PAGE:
But from Paul and his afflictions we may learn much truth, some of it depressing and some altogether elevating and wonderful. We may learn, for instance, that malice needs nothing to live on; it can feed on itself A contentious spirit will find something to quarrel about. A faultfinder will find occasion to accuse a Christian even if his life is as chaste as an icicle and pure as snow. A man of ill will does not hesitate to attack, even if the object of his hatred be a prophet or the very Son of God Himself If John comes fasting, he says he has a devil; if Christ comes eating and drinking, he says He is a winebibber and a glutton. Good men are made to appear evil by the simple trick of dredging up from his own heart the evil that is there and attributing it to them.   WTA078-080

Deliver me from faultfinders and those of a contentious spirit. Silence them for Your glory. Amen.


Casting all your care upon Him

Casting all your care upon Him, for He careth for you.—1 Peter 5:7.


How gentle God’s commands!

How kind His precepts are!

Come, cast your burdens on the Lord,

And trust His constant care,

His goodness stands approved

Down to the present day,

I’ll drop my burden at His feet,

And bear a song away.

Phillip Doddridge.


She was not accustomed in these days to meet troubles, small or great, with the small stock of strength her mind or body could afford. She had acquired, by long habit, the power of putting them from her until she could take them into the presence of her Lord, and there, in secret, commune with Him of all that was in her heart.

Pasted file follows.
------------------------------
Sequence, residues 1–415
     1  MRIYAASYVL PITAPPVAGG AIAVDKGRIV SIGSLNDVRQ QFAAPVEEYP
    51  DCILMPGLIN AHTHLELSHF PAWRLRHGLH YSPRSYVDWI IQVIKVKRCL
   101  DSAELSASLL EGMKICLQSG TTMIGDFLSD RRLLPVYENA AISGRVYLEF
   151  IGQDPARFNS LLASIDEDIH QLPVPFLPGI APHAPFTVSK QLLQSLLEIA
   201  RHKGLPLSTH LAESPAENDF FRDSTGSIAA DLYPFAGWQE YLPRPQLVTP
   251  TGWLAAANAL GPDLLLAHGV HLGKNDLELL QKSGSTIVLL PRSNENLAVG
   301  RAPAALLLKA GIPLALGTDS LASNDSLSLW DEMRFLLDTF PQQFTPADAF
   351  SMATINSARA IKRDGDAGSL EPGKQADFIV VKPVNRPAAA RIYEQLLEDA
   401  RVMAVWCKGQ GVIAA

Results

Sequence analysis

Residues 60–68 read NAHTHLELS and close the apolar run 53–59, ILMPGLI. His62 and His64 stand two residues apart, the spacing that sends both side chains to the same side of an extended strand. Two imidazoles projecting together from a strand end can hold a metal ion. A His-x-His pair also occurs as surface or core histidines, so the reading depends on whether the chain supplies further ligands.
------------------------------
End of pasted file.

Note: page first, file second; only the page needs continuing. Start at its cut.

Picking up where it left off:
Sarah W. Stephen.


The Lord calls for our burdens, would not have us wrestle with them ourselves, but roll them over on Him. Now, the desires that are breathed forth in prayer are, as it were, the very unloading of the heart; each request that goes forth, carries out somewhat of the burden with it, and lays it on God. Tell Him what are your desires, and leave them there with Him, and so you are sure to be rid of all further disquieting care of them.

Robert Leighton.


“Through” And Not Engulfed

“When thou passest through the waters, I will be with thee; and through the rivers, they shall not overflow thee: when thou walkest through the fire, thou shalt not be burned; neither shall the flame kindle upon thee.” Isa. 43:2

Bridge there is none: we must go through the waters, and feel the rush of the rivers. The presence of God in the flood is better than a ferry-boat. Tried we must be, but triumphant we shall be; for Jehovah Himself, who is mightier than many waters, shall be with us. Whenever else He may be away from His people, the Lord will surely be with them in difficulties and dangers. The sorrows of life may rise to an extraordinary height, but the Lord is equal to every occasion.

The enemies of God can put in our way dangers of their own making, namely, persecutions and cruel mockings, which are like a burning fiery furnace. What then? We shall walk through the fires. God being with us, we shall not be burned; nay, not even the smell of fire shall remain upon us.

Oh, the wonderful security of the heaven-born and heaven-bound pilgrim! Floods cannot drown him, nor fires burn him. Thy presence, O Lord, is the protection of thy saints from the varied perils of the road. Behold, in faith I commit myself unto thee, and my spirit enters into rest.